After the ‘reformation’ in Henry VIII’s reign, Catholic practice was increasingly extinguished and churches were stripped of much imagery. The 1549 Act of Uniformity banned the Mass and royal officials travelled the country to enforce the new laws. However, Lancashire retained a strong Roman-Catholic community, with the 1767 ‘Returns of Papists’ listing more than 40% of all English Catholics living in the County. It’s possible that objects like this plate represent people who continued to follow Roman-Catholic symbolic traditions into the 17th century and beyond. As the Puritans took stronger control it would have been dangerous to use objects that proclaimed these Catholic beliefs, let alone to have produced those wares. Indeed in 1660 a Rainford potter, John Bispham, was taken forcibly whilst attending a Quaker meeting at Bickerstaffe and imprisoned in Lancaster Castle for nine weeks for refusing to take the oaths of allegiance to the new faith (Leadbetter 1992).
Whilst it is possible that the plate’s design might be purely decorative, as archaeologists we’re always keen to try to understand what someone was thinking, and how they used objects which survive, and why they made things the way they did, and we have our suspicions about this one!
Was it made for private use? Was it made for a secretly travelling Roman-Catholic priest so he could spread the message of the ‘one true’ faith to the illiterate masses and maintain the faith whilst it was illegal to do so? Indeed a number of such priests including men from Lancashire, such as Edmund Arrowsmith, from St. Helens, were hanged drawn and quartered as punishment!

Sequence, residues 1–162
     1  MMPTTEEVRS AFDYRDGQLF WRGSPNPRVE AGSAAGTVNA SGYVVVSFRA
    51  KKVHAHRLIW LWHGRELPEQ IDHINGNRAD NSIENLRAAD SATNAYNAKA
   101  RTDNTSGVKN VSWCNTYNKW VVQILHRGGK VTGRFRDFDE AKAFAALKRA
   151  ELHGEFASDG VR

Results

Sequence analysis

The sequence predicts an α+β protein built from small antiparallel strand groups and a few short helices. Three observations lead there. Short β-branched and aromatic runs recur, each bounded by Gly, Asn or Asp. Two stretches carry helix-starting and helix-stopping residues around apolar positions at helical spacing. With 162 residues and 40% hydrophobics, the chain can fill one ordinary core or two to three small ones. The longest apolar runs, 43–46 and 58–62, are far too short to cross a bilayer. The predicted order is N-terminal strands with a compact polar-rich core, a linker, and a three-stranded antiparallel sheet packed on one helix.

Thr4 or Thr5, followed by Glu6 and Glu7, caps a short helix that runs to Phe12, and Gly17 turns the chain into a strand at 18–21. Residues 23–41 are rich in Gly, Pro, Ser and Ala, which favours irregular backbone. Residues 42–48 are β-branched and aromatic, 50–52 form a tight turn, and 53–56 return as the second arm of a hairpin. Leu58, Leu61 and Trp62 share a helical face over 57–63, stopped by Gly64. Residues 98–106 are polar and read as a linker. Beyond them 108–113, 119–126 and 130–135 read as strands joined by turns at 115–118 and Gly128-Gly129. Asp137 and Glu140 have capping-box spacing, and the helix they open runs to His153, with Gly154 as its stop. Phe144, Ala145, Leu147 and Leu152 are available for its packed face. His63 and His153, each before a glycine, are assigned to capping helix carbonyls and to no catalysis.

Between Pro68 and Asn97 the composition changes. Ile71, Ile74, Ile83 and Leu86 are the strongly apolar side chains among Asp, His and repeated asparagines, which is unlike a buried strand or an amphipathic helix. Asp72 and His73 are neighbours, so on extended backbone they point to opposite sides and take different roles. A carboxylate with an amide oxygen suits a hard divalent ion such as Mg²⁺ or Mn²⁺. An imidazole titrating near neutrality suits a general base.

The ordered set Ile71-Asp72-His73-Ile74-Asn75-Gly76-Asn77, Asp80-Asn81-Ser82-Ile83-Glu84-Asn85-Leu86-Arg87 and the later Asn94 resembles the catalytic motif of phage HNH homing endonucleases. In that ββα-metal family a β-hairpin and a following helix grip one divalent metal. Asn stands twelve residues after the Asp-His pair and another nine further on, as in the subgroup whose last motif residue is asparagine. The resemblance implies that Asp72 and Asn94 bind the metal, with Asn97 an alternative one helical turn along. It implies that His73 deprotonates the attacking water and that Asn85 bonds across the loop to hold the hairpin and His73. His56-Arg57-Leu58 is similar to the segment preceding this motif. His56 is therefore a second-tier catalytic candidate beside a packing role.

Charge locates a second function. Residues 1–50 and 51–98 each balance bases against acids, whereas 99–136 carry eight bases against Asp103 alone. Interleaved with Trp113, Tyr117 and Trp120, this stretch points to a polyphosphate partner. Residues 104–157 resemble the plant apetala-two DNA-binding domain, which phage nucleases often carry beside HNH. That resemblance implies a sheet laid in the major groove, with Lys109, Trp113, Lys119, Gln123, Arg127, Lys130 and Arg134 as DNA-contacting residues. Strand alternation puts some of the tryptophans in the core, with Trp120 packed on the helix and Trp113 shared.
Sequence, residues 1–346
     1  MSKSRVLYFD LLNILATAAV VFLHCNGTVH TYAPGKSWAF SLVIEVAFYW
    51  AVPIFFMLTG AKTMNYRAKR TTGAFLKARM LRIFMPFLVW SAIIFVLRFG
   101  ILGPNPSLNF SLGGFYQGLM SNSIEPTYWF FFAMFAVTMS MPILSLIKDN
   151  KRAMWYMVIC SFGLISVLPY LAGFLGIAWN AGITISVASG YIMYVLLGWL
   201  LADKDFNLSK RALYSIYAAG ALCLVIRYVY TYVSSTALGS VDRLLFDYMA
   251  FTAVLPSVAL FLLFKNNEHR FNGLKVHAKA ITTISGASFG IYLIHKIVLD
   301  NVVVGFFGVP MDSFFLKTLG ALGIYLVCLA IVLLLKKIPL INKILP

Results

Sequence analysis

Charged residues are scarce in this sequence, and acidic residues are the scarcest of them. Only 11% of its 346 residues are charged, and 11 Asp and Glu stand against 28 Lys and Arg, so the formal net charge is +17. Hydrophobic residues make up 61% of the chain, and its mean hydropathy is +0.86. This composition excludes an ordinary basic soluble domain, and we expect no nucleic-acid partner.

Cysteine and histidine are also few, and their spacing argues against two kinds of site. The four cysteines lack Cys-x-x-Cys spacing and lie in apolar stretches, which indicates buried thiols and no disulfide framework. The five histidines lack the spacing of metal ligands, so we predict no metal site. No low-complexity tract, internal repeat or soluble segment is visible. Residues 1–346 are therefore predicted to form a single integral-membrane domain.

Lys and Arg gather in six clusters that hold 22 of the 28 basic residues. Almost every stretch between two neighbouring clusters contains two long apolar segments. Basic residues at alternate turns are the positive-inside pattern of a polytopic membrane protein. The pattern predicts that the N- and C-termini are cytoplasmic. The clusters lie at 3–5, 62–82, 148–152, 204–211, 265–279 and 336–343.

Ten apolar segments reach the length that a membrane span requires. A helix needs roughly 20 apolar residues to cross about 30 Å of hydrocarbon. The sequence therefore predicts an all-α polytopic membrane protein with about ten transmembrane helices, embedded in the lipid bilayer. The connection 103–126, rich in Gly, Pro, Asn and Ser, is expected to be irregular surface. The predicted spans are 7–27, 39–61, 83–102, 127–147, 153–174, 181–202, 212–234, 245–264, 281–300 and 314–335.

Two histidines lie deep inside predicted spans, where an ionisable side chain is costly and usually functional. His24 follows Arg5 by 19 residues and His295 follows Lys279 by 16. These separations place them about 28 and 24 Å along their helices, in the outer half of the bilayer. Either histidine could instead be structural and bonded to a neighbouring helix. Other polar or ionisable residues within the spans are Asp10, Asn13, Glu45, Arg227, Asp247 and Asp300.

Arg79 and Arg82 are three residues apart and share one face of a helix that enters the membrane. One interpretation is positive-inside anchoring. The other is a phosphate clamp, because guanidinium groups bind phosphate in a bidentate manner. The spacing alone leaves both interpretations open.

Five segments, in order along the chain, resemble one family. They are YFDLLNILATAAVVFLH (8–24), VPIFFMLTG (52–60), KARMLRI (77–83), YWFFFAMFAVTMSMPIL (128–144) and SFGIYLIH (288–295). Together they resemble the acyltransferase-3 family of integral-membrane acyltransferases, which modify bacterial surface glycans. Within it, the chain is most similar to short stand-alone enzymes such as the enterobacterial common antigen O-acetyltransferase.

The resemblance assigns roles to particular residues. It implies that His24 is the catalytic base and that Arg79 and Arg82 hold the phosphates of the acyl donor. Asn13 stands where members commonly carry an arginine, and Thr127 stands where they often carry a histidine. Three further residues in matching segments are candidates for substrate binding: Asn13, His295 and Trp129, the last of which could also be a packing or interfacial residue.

Or is it just a pretty plate?!
Gwarthoff-Zwaan, M. and Ruempol, A. 1988. Exhibition Catalogue – Communicerende vaten Beeldtall van slibversiering op laat-middeleeuws aardewerk in de Nederlanden. Uit de collective Kunstnijverheid en Vormgeving Museum Boymans-van Beuningen. Rotterdam.
Leadbetter, F. 1992. The Leadbetter Papers. Privately published.
Here at the Museum of Liverpool we have recently put on display this rather unusual piece of furniture: a chair that was designed to act as a hearing aid. As part of the display process we asked members of Liverpool’s D/deaf community for their memories and thoughts about the chair. In this blog you can read what they told us as well as find out more information about this special chair. Read more…
Kerrie McGiveron is lead researcher for the community-led oral history project ‘Hanging Out: The Histories of Liverpool’s Laundry Life.’ This is her final blog post revealing the background secrets of installing our display. Read more…
22 November 2019 by Lisa Peatfield
The Museum of Liverpool’s oral history project, Liverpool Voices, collects and preserves the stories of Liverpool and its people. As part of this project we recently recorded Liverpool resident Norah Button talking about her pioneering work at the Liverpool Theatre School on Aigburth Road.
Norah took over the running of the Liverpool Theatre School, founded during the Second World War by her grandmother, Anastasia Morrisey, when she was just 15 years old. She told us how she combined her own dance training with running the school and taking on paid work to support her family following the death of her father. “I knew I had to get a job but I still wanted to train [as a dancer] so I got a job, you mention it, I got it: canteen assistant, cleaning, washing glasses in the priests’ house, all sorts”. Attracted by its £100 prize money Norah also entered and won the 1962 Miss Liverpool beauty pageant. She went on to win numerous other beauty competitions, using the prize money to support herself and the school. Read more…